My favorite camera is film, and (the N90S) went out of production by 2002. We're looking at the D200 as a second camera-not a replacement due to the features and digital option. The D200? What a price NOW. Go for it-not because it has 2008-2009 bells and whistes. Some do collect one or more bodies from every camera generation? Don't get caught up in that world, go with quality pix, features and save yourself some money for great vacations!
  7. I too would say, get a D90 and glass. AF is the same as on D200, but sensor and high ISO quality is D300s level. You can always upgrade your body later on, if you find you really need 51 AF points or the more rugged body. But coming from a Oly 420, I would take the D90 with kit zoom 18-105, the 70-300 AF-S VR (!) and start shooting. Shoot RAW, try Capture NX2 (and learn how to use it, it's a great software).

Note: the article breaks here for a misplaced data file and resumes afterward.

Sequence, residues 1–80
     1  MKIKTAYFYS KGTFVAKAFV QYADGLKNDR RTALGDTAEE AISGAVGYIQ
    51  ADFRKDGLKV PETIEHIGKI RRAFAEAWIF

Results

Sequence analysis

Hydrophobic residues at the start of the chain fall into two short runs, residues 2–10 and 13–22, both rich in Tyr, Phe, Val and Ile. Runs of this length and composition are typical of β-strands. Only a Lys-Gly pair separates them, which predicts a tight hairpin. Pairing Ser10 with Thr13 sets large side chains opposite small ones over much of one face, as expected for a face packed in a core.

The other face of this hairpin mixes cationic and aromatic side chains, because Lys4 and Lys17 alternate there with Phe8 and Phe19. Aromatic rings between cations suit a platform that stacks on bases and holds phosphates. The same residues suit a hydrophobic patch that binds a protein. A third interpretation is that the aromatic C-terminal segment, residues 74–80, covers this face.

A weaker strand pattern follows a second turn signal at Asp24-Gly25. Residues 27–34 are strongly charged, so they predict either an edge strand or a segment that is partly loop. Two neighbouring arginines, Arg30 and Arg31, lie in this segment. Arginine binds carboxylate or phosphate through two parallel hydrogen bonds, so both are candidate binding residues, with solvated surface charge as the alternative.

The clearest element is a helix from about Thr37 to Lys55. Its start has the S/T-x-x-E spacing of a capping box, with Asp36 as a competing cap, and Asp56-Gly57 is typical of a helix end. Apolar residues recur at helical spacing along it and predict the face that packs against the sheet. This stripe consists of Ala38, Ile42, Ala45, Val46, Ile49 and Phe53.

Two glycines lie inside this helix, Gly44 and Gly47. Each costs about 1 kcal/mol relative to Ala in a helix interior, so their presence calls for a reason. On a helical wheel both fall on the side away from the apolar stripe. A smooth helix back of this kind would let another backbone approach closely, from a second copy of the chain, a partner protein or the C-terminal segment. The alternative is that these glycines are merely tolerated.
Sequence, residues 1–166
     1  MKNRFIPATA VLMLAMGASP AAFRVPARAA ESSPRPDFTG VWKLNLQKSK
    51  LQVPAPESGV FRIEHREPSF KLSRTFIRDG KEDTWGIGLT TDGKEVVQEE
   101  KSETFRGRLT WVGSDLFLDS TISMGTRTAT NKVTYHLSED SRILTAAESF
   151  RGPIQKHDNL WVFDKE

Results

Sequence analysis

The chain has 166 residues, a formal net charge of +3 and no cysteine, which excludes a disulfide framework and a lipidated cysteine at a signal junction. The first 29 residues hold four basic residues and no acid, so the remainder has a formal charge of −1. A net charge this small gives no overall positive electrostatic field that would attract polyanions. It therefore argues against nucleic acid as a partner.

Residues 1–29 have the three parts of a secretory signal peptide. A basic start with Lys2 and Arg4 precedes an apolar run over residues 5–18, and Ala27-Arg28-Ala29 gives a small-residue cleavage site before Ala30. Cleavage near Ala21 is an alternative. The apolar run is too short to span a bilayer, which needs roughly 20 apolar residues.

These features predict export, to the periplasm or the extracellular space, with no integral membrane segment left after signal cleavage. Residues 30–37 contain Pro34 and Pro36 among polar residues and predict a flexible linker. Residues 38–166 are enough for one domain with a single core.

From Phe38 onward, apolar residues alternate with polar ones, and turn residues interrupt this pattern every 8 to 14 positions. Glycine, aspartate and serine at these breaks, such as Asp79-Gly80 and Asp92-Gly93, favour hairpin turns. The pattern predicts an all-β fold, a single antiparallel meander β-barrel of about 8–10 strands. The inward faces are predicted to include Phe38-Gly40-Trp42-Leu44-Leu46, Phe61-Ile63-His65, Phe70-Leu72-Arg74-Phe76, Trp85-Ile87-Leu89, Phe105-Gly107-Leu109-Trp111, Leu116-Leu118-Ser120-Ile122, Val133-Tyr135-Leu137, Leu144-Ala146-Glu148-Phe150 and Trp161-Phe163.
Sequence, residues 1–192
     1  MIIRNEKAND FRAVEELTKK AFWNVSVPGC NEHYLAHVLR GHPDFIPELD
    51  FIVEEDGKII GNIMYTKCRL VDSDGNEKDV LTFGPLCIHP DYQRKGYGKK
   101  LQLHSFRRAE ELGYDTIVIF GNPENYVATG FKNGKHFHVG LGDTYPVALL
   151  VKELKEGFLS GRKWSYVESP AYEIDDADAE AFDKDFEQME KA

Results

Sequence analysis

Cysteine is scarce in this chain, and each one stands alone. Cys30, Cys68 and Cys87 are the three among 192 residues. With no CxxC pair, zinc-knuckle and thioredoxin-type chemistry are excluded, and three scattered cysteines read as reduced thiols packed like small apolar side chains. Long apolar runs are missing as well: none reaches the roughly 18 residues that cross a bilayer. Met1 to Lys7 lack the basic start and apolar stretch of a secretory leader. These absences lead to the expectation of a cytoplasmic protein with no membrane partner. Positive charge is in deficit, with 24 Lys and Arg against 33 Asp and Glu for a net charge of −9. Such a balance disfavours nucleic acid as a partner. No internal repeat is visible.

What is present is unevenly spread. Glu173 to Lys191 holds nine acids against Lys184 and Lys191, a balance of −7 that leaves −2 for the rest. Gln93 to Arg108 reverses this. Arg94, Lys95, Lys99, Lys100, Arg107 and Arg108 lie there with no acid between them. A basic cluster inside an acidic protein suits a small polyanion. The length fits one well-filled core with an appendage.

D200 is a good camera, but it's good in things you don't really need right now. At the end of the day, it's all about the picture, not the camera. I own both D200 and D300. I would not buy the D300 if I would not have money left for good glass, and I would not buy the D200 any more today except for general shooting in good light. I will change mine for a D90 soon, anyway, since I need a backup body with similar image quality as D300 and cannot afford a second D300 (or D300s).
  8. D200 is OK, D300 is fantastic. I wouldn't spend $500 on a D200, but I would spend $1800 on a D300s. After you get the D300s, you won't feel the need to upgrade for many years.
  9. Thanks for the help so far.. i will mostly be using the camera for skiing and biking.. witch are both outdoors and usually pretty good light. as for the d90, if i was to buy a d90 i would rather spend the extra 400$ and get the d300s, so id say the d90 is sorta out of the picture...
    and if this makes a diffrence.. I do know how to use a camera pretty good, as i have been published in online bike magazines and many bike websites....
    But yeah, like i said the d200 is 500$ so that means i would have about 1000$ to spend on lenses (possably a little more) but if i was to get the d300s i would only have about 200-300$ to spend...
    At the moment i would say 2000$ is my MAX budget.
    Thanks Again!